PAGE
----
Adventures in Renovating
Mark Pupo -- Interior Design, 10/1/2007 12:00:00 AM
Some people collect travel souvenirs. The owner of this Toronto condo took that idea a step further, renovating his entire home to evoke far-flung destinations. A property developer and avid mountain climber, he envisioned an apartment that would remind him of his favorite boutique hotels in the Far East, of trips in the Himalayas, and of his second home, in Paris.
For guidance on this design journey, he turned to the firm Johnson Chou. Its namesake principal stripped the 3,850-square-foot condo down to the bare concrete, then reorganized the rooms to emphasize the experience of movement. The entry is now a contemporary take on the classic rotunda, ringed by etched-glass panels that offer partial views of the living and dining areas and the den. Along hall leads from the entry rotunda to the master bedroom and bath.
Johnson Chou created the illusion of more space by interrupting sight lines with a series of walls upon walls. Some glow, and some are opaque. "It's like walking through an old Chinese garden. You can't figure out how big it is," he explains.
He chose materials with metaphorical significance for the client. Most vertical surfaces are sheathed either in hand-rubbed ebony veneer, typically found in Parisian apartments, or in statuary marble, suggesting mountains. The large slabs of book-matched stone heighten the impression of monumentality—the pieces are so big that they had to be carried up on the top of the building's elevator.
These massive stretches of wall nevertheless appear weightless, thanks to fluorescent up-lighting. Other elements literally float: A 16-foot-long black granite console, cantilevered on a steel beam bolted to a concrete structural column, also serves as a planter, a water element, and the hearth of a gel fireplace. ("Everyone likes surprises.")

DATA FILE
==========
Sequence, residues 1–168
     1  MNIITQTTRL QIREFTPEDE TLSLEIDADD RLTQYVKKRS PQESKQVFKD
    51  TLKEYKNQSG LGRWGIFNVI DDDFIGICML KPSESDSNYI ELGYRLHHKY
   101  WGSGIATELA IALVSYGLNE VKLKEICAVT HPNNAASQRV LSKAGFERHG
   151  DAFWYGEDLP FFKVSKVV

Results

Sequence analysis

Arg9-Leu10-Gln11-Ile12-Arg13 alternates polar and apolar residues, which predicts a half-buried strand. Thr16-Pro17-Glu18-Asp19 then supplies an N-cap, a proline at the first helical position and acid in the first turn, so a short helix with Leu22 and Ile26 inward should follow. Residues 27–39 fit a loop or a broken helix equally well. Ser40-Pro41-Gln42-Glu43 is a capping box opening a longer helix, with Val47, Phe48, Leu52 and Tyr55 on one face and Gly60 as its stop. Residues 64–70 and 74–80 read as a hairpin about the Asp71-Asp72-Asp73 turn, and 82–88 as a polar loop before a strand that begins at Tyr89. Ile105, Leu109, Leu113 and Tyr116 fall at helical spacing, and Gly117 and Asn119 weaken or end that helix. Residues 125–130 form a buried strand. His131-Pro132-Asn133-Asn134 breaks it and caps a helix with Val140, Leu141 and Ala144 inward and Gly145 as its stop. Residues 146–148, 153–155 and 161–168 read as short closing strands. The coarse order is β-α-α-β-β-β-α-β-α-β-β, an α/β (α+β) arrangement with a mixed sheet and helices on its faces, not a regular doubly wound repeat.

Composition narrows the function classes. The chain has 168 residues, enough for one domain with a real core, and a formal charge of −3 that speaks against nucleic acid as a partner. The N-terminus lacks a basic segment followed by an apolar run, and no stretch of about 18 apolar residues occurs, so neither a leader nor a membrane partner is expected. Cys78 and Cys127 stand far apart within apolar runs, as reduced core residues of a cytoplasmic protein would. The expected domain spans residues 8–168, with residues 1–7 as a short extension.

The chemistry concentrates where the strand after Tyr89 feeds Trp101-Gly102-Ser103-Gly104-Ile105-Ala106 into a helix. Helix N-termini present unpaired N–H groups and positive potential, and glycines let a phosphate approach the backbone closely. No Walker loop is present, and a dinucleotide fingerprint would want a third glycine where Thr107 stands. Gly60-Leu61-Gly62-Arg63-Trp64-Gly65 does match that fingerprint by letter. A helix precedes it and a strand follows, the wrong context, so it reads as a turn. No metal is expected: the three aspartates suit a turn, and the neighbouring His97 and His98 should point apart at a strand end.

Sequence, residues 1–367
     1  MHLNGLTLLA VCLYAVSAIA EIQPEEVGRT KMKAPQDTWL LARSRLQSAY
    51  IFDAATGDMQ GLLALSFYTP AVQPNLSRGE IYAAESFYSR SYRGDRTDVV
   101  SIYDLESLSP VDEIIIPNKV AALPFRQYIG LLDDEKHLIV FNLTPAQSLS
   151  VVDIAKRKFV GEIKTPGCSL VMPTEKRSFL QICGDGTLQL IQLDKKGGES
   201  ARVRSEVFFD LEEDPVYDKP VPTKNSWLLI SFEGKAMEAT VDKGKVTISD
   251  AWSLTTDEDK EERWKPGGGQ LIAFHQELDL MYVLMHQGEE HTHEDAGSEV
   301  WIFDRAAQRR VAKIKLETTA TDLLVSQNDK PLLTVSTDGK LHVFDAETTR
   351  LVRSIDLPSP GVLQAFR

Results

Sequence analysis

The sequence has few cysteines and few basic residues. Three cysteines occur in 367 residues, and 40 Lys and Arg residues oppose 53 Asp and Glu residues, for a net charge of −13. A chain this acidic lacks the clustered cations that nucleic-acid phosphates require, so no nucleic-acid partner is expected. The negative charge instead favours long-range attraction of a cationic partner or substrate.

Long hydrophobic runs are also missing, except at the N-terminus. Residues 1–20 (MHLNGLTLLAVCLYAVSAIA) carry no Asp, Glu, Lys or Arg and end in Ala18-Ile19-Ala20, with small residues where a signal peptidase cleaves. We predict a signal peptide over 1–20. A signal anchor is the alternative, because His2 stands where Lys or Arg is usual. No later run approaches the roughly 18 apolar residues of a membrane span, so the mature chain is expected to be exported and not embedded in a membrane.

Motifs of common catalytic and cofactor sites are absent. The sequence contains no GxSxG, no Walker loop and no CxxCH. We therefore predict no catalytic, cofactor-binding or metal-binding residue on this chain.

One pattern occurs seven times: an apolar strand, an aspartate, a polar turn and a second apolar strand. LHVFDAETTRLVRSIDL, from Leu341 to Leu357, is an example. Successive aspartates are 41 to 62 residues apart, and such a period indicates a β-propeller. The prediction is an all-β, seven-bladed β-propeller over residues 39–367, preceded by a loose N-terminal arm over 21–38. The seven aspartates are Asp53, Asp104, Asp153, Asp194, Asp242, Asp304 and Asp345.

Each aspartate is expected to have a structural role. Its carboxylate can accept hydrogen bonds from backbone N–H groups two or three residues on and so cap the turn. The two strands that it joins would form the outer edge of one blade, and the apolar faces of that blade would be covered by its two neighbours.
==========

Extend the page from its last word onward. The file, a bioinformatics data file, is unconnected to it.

The play of dark and light carries through to the kitchen, which has ebony-veneered cabinetry and a marble wall that the owner likes to prop large-scale photography against. The gallerylike quality of the room is cinched by the elegance of the black granite breakfast bar, carefully mitered to resemble one solid piece of stone. A gourmet refrigerator is concealed in a cabinet. Other appliances, including a microwave drawer, are installed below the counters to preserve the overall lines.
Every mountain has its peak, and the pinnacle of this design is the open master suite. As you would expect in any self-respecting boutique hotel, matching leather upholsters the headboard and a wall facing the bed, a bedside wet bar features a square teak sink, and a screen drops from the ceiling for under-the-covers movie viewing courtesy of an HDTV projector built into the cabinets. While a shower and a toilet hide behind etched-glass doors, the massive marble soaking tub takes center stage across the room. "We elevated it on an integral platform to give the act of bathing a ceremonial quality," Chou says. The tub is filled by two streams of water from fittings mounted on the ceiling.
Behind the tub, a one-way mirror allows bathers to see anyone standing at the double sink vanity beyond. "It fits with the rest of the condo's exploration of the visible and the not-quite-visible," Chou says. "And it's pretty cool, too." What more could a weary traveler desire?
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